These days, gothic fiction has a broader definition, but setting is an excellent place to start evoking mood. The location of a story gives the writer a shorthand for promising readers a particular tone and for either playing directly into expectations (the protagonist has rented an Airbnb and it turns out to be a castle crawling with ivy, hung with bone chandeliers, resting on a cliff) or subverting them (the protagonist rented an Airbnb and it turns out to be in the shape of a potato, resting in a meadow of wildflowers).
Think through your options. Make a list. And consider how your story changes with each different setting—what new demands will be placed on the writing, what resonances will be created, and what expectations will be set.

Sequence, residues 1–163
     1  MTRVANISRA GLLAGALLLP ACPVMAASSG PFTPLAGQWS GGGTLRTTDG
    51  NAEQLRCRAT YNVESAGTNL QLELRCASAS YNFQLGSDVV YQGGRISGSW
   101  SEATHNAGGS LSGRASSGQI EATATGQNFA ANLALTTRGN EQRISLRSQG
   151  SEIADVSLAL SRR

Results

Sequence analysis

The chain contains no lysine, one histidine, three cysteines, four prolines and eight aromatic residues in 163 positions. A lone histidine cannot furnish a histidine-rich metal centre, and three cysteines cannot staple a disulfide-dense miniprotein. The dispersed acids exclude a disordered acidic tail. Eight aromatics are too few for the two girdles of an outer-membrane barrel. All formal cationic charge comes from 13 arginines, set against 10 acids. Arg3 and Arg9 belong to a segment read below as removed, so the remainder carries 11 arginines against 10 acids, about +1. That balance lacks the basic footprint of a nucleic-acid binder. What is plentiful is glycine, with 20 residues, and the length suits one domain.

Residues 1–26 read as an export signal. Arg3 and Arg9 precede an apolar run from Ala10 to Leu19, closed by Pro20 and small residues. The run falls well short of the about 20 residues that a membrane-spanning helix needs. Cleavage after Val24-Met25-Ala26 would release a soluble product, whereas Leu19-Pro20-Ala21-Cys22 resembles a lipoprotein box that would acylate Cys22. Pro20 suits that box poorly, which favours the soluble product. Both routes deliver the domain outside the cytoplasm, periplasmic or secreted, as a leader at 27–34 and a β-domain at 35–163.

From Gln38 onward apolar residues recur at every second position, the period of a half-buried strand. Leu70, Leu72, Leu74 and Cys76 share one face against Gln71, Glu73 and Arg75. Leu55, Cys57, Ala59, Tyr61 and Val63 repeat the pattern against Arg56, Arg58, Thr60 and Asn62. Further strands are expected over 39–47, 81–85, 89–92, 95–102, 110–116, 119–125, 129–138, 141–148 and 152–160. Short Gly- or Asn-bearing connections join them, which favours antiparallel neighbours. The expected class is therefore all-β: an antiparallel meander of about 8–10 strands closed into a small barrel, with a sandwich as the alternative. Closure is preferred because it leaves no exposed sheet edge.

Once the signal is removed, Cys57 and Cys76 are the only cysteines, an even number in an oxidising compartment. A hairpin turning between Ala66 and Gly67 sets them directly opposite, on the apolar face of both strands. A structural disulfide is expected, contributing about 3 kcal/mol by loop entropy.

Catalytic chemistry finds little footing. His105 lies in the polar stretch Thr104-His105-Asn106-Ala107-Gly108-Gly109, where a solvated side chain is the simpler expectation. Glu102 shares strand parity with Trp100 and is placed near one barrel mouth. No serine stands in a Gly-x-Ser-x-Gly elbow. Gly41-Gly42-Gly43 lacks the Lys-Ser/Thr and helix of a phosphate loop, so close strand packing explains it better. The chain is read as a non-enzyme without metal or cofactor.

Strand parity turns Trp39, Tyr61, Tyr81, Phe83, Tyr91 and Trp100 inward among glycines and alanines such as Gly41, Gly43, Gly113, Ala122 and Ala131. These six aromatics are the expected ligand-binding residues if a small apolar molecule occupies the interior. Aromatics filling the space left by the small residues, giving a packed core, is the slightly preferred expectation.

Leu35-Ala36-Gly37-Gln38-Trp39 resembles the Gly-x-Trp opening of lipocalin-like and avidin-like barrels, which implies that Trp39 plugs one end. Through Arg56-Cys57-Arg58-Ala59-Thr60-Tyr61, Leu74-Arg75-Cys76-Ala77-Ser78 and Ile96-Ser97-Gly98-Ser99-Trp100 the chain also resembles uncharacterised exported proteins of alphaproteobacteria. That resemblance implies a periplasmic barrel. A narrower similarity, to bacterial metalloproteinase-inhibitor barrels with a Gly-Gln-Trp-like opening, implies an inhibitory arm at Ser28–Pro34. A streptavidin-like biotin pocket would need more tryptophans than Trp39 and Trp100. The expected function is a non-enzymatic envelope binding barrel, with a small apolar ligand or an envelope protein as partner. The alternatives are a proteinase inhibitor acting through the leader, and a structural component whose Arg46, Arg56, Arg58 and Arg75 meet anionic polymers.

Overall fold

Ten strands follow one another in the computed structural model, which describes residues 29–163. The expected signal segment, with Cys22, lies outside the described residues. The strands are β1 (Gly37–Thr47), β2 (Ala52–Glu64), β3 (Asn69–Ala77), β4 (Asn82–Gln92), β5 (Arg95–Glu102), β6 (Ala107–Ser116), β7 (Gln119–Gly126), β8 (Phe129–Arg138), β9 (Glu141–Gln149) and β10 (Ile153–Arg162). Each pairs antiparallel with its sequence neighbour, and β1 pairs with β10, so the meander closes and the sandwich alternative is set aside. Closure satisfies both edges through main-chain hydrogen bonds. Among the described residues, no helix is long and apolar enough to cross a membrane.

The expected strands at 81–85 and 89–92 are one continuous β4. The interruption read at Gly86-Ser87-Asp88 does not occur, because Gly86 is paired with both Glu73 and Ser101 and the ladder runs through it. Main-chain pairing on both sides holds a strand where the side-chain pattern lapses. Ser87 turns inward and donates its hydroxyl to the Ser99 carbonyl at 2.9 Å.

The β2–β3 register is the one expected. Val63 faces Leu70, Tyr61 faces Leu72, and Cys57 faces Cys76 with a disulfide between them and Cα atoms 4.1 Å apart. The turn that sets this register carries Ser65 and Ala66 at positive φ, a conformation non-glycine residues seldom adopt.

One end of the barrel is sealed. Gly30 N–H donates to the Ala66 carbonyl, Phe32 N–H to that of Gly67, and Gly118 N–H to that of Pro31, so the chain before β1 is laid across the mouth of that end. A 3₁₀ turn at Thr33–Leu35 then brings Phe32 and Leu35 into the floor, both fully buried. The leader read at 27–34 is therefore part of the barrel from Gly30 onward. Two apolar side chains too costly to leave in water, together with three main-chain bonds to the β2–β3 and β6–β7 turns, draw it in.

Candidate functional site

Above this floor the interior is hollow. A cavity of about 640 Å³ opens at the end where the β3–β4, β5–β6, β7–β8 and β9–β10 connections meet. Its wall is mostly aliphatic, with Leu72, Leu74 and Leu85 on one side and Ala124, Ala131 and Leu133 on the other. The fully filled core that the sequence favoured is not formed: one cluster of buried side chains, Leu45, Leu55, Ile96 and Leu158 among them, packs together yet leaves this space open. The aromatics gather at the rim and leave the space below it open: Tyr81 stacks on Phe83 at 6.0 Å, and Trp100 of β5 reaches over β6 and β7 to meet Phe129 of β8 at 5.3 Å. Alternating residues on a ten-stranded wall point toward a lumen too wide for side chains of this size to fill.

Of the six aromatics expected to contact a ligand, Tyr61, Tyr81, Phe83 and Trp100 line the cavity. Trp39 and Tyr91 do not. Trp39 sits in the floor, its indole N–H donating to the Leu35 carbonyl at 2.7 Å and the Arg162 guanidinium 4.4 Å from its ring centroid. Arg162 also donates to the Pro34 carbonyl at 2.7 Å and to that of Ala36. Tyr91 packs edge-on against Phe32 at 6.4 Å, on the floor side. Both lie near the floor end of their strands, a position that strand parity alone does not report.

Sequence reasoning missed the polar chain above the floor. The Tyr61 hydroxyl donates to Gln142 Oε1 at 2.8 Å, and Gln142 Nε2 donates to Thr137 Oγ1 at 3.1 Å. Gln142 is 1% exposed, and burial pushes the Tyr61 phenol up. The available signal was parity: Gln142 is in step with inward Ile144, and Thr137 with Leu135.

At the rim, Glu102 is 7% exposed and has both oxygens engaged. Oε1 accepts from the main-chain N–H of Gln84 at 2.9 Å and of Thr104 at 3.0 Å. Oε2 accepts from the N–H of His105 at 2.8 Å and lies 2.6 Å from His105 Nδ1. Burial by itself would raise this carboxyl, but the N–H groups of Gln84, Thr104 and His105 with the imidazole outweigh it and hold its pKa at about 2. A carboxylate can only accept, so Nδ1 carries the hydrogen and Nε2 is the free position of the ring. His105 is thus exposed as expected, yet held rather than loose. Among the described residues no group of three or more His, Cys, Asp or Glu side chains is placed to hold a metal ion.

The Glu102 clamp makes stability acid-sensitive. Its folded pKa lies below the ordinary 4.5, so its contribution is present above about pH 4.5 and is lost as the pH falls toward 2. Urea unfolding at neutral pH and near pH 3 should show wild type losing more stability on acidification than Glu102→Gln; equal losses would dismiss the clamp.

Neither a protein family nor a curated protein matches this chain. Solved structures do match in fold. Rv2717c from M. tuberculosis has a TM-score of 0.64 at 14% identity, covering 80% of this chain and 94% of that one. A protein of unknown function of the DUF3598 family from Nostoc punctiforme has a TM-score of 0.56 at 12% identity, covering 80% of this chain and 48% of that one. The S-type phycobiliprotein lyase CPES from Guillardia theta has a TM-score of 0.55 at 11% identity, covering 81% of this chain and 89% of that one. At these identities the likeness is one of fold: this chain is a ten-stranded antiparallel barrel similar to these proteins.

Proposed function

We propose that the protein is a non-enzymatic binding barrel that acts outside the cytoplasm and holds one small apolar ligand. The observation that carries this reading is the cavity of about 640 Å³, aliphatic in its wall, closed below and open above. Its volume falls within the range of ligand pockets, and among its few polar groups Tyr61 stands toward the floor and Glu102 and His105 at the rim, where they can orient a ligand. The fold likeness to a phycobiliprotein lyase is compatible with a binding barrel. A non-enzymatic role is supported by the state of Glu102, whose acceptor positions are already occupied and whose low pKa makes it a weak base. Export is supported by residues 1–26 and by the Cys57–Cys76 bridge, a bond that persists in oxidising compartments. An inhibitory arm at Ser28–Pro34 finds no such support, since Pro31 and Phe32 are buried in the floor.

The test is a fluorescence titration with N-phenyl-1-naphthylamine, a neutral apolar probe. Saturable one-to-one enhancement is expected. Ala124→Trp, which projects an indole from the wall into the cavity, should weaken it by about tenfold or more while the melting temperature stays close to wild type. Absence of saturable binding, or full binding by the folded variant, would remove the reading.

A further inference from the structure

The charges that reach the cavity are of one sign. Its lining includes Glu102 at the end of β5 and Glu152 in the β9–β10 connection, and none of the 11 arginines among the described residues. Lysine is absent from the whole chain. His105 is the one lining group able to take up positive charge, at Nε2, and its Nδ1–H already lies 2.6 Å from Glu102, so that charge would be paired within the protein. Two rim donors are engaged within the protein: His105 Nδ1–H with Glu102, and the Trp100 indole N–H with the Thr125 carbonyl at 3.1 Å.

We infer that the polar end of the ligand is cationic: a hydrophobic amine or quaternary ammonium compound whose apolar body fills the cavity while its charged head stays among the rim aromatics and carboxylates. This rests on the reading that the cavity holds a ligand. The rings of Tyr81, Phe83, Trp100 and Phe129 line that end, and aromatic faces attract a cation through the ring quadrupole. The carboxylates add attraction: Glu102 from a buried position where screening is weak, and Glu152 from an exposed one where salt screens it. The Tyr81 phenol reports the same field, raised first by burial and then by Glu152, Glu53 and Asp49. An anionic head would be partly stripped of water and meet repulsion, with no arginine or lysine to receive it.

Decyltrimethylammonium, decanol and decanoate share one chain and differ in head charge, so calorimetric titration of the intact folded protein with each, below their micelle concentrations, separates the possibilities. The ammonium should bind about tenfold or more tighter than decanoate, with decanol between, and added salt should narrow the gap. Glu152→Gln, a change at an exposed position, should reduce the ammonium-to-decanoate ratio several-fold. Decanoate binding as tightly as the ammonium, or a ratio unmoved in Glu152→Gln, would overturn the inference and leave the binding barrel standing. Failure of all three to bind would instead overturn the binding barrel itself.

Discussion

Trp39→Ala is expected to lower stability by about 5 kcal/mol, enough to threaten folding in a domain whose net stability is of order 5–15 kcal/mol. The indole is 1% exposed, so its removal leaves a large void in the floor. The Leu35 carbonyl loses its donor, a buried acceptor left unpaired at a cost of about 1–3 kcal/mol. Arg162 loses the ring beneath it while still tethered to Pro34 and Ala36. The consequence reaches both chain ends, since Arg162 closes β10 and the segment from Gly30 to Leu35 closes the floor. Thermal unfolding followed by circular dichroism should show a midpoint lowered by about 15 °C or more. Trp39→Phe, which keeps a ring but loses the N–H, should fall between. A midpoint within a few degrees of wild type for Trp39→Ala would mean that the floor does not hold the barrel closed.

After you choose a place, your challenge will be to make that place feel real. Obviously the best way is by visiting locations and exploring them so that you can come up with the kind of details that make a place come alive to the reader. But I also think it’s worth considering your own experience too. If you’d like to set a story in a crumbling old house, is there one you’ve been in? Is there a castle you’ve walked through on your travels that stuck in your head? And if not, is there a way to alter your setting to bring it closer to something familiar to you? For example, if you want to set your story in a castle and have never been to a real one, perhaps you can have the castle in your tale transported stone by stone by an eccentric billionaire to a place you know well, so that the details you bring to the story will be convincing.
For me, all fiction starts with a character and a feeling. That feeling is what I call texture.